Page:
A WEEKEND jam-packed with back-to-back events means one thing for Wagga’s economy: dollars.
And the organiser of the Spring Street Festival, which successfully held its first showing on Saturday, says last weekend proved there were lessons to be learned for event-driven tourism in the city.
Alexandra Mack said hosting multiple events on at the same time didn’t detract from attendance rates at the festival, but believes it could have been a key factor in its success.
The three major drawcards were Aggies Race Day, the Riverina Truck Show and Kids Convoy and the Spring Street Festival – each attracting a crowd of more than 5000 people under perfect skies. Other events included the HIH Awards, the Aviation Hall of Fame dinner, powerboat racing at Lake Albert as well as a dressage event at CSU.
“The better people work together, the better we’re going to draw people into town,” Ms Mack said of the simultaneous events.
The better people work together, the better we’re going to draw people into town.- Spring Street Festival organiser Alexandra Mack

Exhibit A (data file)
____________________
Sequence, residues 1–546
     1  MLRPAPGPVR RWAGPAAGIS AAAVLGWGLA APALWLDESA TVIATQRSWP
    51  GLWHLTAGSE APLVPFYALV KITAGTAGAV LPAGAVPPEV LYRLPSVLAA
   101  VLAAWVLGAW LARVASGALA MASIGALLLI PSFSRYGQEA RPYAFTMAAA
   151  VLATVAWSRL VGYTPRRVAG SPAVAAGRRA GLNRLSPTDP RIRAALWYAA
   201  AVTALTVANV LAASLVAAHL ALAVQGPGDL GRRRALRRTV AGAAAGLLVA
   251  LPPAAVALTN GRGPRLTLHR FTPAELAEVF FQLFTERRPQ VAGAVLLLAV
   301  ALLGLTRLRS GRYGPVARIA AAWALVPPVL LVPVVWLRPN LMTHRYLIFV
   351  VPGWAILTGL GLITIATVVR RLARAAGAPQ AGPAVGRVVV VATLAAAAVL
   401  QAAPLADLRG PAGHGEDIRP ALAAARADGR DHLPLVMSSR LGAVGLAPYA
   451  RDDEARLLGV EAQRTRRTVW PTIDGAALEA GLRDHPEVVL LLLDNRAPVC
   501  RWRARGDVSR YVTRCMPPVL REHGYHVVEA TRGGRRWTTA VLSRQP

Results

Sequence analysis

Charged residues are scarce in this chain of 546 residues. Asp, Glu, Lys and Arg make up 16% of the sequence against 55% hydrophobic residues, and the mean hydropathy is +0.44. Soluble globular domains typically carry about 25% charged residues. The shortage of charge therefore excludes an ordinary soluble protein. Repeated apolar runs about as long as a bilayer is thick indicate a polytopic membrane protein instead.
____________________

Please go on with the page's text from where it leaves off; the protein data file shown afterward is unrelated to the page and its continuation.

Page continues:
“This is the bigger picture: we’re drawing people here and everybody benefits. We should be working to make sure these big events happen on an annual basis and aren’t just one-offs.”
Event-driven tourism is now viewed by council as the city’s “bread and butter” for tourism, with the Kapooka march-outs a regular and lucrative source of visitors. The Riverina’s tourism leaders also see Wagga as a gateway destination to unlock the rest of the region.
With the latest research showing visitors spend on average more than $100 per day in the city, it’s why council’s director of economic development, Peter Adams, is keen to see event tourism thrive.
“Clearly, we are not going to have wide, open beaches,” he said. “So what it is about Wagga that gives us our competitive advantage really comes down to our location.
“Between Sydney, Melbourne and Canberra, Wagga is the place to hold that event.”
Dr Adams said there had been positive signs for the city’s tourism market with the construction of new motels and the renovation of older motels. He said the attraction of certain high-profile events would require infrastructure upgrades. It comes as the equine industry calls for upgrades of Equex to attract new events.
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